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Occupancy, Returns on Investment High

For the fifth consecutive year, the American Seniors Housing Association (ASHA), together with the American Health Care Association and the Assisted Living Federation of America, distributed survey questionnaires to owners and managers of seniors housing residences throughout the United States. Respondents were asked to complete separate surveys for each of their company's residences.

'The State of Seniors Housing 1997' summarizes fiscal year 1996 data from a national survey of 268 seniors housing communities comprising more than 55,000 independent living units, assisted living beds, and long-term care beds.

We thank ASHA Executive Director David Schless for his permission to present excerpts of this report. Please call 202/974-2300 for information about ordering the complete report.


Median occupancy rates for all sample segments are in excess of 94 percent.

Annual resident turnover rates in assisted living communities catering to low acuity residents are considerably less than for those catering to high acuity residents.

Median rental fees for independent living units and assisted living beds contained within CCRCs samples are greater than those for free-standing congregate and assisted living communities.

Despite varying annual resident turnover rates between the three sample segments, marketing/advertising expenses per occupied unit are remarkably similar for each segment.

While larger residences in each sample segment enjoy higher operating margins due to economies of scale, bottom line results, as measured by net cash flow per occupied unit, do not appear to be affected by community size.

Year-to-year percentage increases in rental fees for all communities exceed percentage increases in broad consumer price indices over the same period.

On a 'same store' basis, assisted living communities sampled had significantly larger percentage increases in key operating results and enjoyed the highest percentage increase (15.7 percent) in net operating income.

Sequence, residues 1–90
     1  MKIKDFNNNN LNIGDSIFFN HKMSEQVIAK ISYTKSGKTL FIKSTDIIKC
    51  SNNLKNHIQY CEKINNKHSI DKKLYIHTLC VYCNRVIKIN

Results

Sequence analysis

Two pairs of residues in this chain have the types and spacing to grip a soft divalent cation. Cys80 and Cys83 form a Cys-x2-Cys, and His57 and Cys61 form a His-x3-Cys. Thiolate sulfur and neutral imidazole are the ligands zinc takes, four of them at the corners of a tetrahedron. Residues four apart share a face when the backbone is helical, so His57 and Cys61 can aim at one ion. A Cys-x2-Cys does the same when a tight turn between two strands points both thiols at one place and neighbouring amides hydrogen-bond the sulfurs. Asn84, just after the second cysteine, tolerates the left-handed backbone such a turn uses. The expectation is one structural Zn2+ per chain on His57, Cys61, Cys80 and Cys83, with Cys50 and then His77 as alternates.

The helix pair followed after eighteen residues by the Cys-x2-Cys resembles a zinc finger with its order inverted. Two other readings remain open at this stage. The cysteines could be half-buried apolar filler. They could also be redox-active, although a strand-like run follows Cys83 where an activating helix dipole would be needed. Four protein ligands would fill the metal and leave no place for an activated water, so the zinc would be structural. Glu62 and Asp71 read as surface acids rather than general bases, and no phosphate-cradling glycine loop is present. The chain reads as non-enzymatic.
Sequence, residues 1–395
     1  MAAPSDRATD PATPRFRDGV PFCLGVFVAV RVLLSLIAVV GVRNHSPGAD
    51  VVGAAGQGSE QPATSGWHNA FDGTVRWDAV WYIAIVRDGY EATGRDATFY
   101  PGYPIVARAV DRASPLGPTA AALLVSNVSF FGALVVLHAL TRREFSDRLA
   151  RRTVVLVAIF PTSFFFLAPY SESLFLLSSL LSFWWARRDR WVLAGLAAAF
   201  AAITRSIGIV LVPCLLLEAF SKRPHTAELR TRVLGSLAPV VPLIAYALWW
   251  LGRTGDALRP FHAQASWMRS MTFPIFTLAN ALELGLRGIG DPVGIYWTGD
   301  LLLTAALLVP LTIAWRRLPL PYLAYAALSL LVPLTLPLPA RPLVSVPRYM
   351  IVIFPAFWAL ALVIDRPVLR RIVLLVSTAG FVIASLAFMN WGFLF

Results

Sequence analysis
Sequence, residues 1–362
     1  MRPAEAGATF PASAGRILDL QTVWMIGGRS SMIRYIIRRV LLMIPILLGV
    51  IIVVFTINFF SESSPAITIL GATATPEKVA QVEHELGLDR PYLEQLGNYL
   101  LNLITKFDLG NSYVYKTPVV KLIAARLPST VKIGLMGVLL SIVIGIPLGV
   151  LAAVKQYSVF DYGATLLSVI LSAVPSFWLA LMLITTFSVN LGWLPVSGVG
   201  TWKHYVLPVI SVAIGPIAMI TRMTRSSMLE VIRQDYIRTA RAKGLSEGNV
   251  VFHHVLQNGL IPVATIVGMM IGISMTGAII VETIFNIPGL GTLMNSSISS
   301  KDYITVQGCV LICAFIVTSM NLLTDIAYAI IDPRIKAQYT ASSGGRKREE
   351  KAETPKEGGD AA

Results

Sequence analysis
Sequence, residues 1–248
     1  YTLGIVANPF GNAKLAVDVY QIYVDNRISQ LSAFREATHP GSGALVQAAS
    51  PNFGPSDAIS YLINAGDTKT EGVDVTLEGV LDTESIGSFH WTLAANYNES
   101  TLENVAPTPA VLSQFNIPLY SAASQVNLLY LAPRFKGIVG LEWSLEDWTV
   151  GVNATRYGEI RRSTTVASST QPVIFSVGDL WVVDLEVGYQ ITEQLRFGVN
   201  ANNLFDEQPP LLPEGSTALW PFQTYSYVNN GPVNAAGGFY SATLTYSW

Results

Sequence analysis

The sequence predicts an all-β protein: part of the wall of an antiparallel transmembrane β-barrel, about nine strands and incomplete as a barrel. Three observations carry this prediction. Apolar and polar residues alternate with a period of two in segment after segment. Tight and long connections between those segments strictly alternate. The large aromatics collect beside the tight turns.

Median management fees, as a percentage of total revenues, are 6 percent for assisted living communities, compared to 5 percent for congregate communities, and 4.6 percent for CCRCs.

Gross operating margins for congregate communities exceed those of other sample segments, which is similar to past survey findings.

Median debt service coverage ratios for all communities operated by for-profit owners exceed 1.4 to 1 for all sample segments.

Median current returns on investment continue to increase compared to prior survey results.

Of the 268 communities in this year's survey sample, approximately 42 percent are categorized as congregate residences, 34 CCRCs, and the balance, (25 percent) assisted living communities. The number and percentage of CCRCs has increased from prior years' survey samples, resulting in a more evenly distributed sample of communities. The sample comprises a total of 55,273 units, with approximately one-half found in CCRCs, 39 percent in congregate communities, and 11 percent in assisted living communities. However, because both congregate communities and CCRCs may contain assisted living units, assisted living units account for 21 percent of all units in the sample. Only three of the 68 assisted living communities in the sample indicated that they were not licensed.


Occupancy levels remain very strong as illustrated by rates in excess of 94 percent for all property types. Occupancy rates for congregate communities were marginally higher, and there is virtually no difference in occupancy rates between for-profit and not-for-profit communities.

All sample segments experienced relative increases in occupancy during 1996, led by assisted living communities with a median increase of 2.68 percent. The fact that occupancy rates in each of the last several surveys have continued to increase suggests continued strong demand for seniors housing.

Median annual turnover is highest for assisted living communities, followed by congregate communities and CCRCs. Compared to last year's survey sample, there appears to be a widening difference in turnover rates between assisted living communities serving low acuity versus high acuity residents.